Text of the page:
July 2013
Volume 13, Issue 9
Free
Vision Sciences Society Annual Meeting Abstract  |   July 2013
Quantifying Error Distributions in Crowding
Author Affiliations
  • Deborah Hanus
    Brain and Cognitive Sciences, Massachusetts Institute of Technology
  • Edward Vul
    Psychology, University of California, San Diego
Journal of Vision July 2013, Vol.13, 623. doi:10.1167/13.9.623
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      Deborah Hanus, Edward Vul; Quantifying Error Distributions in Crowding. Journal of Vision 2013;13(9):623. doi: 10.1167/13.9.623.

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      © ARVO (1962-2015); The Authors (2016-present)

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Abstract

When similar visual objects interfere in the periphery, the percept is "crowded," and observers have difficulty identifying a target object. We aim to characterize the types of errors produced in crowding by parameterizing subjects’ responses via statistical models embodying principles of spatial substitution and spatial pooling of crowded objects. Subjects saw an array of nine random letters arranged in a semi-circle centered on fixation and reported the identity of the cued target letter. In separate experiments, we manipulated the spacing between items, eccentricity of the letter array and duration of the precue, indicating the target location prior to letter array onset. Because all presented items were unique, we could identify the position of reported intrusions, enabling us to characterize patterns in the subjects’ errors and compare them to errors predicted by models embodying spatial substitution and pooling mechanisms. We find that characterizing subjects’ responses requires accounting for the pairwise confusability of individual letters, as well as variations in flanking letters’ influence as a function of space. However, once both letter confusion and spatial weighting are considered, spatial substitution models (that do not consider non-additive interactions of adjacent letters) and spatial pooling models (that have non-additive interactions of adjacent letters) can capture participants’ performance equally well. Finally, we investigate whether the three experimental manipulations of crowding difficulty (spacing, eccentricity, and precue) had qualitatively different effects on the types of errors that subjects produced. We considered how the parametric distribution of errors changed as a function of condition difficulty and found that all three manipulations had substantial effects on errors, but the error distributions fell on a single dimension of difficulty. Thus, it does not appear that (i.e.) precueing changes the spatial precision while spacing or eccentricity changes the individual letter confusability: all the difficulty manipulations that we tested modulate performance similarly.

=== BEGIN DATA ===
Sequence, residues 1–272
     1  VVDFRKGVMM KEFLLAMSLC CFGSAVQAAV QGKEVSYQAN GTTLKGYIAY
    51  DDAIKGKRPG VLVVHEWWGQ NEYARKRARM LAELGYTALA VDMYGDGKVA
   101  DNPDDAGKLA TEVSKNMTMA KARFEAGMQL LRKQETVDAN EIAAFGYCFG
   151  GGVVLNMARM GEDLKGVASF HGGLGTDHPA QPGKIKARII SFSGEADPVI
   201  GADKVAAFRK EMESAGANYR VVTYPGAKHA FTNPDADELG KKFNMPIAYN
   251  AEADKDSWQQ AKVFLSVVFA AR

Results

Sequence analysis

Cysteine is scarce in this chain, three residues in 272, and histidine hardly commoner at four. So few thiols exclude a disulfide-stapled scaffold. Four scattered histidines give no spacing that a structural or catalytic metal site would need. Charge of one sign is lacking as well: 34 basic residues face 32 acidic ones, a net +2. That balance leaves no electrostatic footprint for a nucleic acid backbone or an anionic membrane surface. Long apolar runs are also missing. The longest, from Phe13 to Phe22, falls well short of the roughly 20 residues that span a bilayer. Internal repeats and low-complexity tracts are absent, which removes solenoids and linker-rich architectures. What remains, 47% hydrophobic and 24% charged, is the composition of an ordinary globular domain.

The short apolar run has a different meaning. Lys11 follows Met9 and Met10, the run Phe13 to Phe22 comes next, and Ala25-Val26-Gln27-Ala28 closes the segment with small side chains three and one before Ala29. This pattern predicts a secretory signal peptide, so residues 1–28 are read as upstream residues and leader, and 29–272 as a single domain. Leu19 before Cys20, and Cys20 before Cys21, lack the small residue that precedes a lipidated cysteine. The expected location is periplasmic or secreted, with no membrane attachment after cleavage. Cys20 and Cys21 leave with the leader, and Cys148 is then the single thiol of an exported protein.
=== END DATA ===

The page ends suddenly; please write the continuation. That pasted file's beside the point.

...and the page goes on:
Meeting abstract presented at VSS 2013

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